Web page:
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  • Location
    N Ireland
  • Interests
    Modelling the UTA in the 50s and 60s, as well as the GSWR line to Stranraer.

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  1. Just a memory of travelling on one of the AECs which still had the luxurious seating in first class, in this case at the back of the train. Coming into the city from Blackrock in the evening and passing through the closed stations at Booterstown, Merrion, Sandymount and Sydney Parade and watching the crossing gates close immediately after we passed through, the red lamps glowing in the semi darkness. Most trains ran from Blackrock to Lansdowne Road non stop. Apart from Merrion, all these re-opened later. Lovely.... Colm Flanagan
  2. Indeed, my wife sometimes refers to it as the "summer house"..! Pure escapism ... A short video of a UTA "neverwazz" formation - Railcar No4 with a luggage/generator van in tow, on a test run from Stranraer to Coleraine. The GV (Hornby respray) is for another modelling friend.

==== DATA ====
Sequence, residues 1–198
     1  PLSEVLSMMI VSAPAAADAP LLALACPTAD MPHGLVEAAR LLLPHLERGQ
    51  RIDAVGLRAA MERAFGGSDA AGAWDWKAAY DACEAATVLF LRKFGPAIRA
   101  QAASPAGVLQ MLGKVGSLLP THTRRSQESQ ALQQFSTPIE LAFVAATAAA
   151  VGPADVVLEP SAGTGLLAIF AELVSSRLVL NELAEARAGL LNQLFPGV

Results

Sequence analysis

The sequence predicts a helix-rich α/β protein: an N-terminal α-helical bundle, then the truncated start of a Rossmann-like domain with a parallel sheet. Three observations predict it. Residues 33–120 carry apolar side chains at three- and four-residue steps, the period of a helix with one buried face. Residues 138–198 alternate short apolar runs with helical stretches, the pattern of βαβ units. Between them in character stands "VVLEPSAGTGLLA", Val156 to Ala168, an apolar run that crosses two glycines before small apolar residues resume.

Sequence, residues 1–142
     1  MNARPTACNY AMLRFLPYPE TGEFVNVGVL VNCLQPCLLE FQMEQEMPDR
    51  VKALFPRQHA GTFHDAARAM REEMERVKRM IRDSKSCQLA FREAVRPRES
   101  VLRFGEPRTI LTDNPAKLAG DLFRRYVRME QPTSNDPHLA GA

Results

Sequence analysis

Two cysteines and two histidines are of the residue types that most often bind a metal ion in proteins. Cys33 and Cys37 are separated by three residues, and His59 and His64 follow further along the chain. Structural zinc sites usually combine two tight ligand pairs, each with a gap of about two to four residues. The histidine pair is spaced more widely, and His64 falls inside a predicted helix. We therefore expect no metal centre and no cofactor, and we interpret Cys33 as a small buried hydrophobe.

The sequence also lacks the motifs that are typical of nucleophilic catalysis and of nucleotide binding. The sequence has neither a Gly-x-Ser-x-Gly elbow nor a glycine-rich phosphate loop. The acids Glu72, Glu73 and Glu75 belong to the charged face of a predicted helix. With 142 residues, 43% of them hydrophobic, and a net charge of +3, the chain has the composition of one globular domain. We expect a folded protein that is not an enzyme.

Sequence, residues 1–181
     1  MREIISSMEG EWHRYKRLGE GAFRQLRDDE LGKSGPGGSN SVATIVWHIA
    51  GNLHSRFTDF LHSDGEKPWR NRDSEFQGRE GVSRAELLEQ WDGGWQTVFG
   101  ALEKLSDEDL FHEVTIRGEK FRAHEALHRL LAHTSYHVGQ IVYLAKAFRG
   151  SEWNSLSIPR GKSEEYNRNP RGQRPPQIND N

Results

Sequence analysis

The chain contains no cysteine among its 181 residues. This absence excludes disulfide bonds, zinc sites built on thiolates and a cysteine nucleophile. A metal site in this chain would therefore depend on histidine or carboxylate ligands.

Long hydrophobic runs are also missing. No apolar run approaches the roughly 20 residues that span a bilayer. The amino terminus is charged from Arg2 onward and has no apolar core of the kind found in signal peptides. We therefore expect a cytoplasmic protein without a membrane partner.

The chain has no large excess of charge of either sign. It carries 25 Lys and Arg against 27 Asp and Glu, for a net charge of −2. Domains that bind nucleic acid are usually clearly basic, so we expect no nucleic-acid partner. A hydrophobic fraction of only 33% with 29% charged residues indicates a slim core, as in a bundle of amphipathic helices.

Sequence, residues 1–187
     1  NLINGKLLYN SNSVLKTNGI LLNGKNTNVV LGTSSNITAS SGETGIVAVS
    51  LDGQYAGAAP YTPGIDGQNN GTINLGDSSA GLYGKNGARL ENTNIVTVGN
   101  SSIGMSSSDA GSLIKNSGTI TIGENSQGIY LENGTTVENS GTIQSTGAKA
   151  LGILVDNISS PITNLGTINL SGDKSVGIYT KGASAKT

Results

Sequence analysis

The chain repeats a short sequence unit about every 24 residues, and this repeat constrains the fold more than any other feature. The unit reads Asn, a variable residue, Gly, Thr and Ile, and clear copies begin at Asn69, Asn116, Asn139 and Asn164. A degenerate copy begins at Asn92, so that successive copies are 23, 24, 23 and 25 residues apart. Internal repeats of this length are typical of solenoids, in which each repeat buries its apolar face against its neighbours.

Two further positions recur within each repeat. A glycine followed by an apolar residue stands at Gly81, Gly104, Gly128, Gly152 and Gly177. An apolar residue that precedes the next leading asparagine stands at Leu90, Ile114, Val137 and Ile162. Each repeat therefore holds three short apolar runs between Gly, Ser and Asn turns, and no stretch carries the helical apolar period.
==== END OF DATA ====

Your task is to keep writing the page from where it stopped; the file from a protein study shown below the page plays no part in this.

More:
3. i've been doing some scenic work on the last significant bit of bare board on the layout, the lifting section beyond Coleraine The main lines run behind my ferry at one end of the room), as below. After a good bit of humming and hawing I decided to re-use the "Eden Cottage" Mk1 which had been displaced from our "Bleach Green" layout as it was basically a tweaked Metcalfe farm house. I decided to give it some nice grounds around, with a terrace, gardens and lawn at the front, garage etc behind, and a drive curving up from the road. A very enjoyable project- he's got a bit of money this guy, hence the golden Jaguar Mk2 at the front door! His wife has the blue mini. (the sky behind is thanks to photoshop, in reality the harbour area and ship can be seen!) The semi toppled flower point to left of front door has been sorted, it got hit by a visitor!! The lawn mower is scratch built and based one one my dad had in the late 1950's. It took about an hour and a half to build. The washing is on the line to the right, the greenhouse by Bachmann. The Ratio spear fencing adds a bit of class with it's golden tips....(just like a large house I saw recently!) I find most scatters too coarse from things like driveways so have used some genuine Ballywalter silver sand sprinkled on thinly. The back garden, the hedgerow disguises the gap between the lifting section and main board behind. The potting shed came as a free kit with a magazine, the corrugated iron garage is built from plastic card. There's some more work to do, I'll post some more details when it happens!.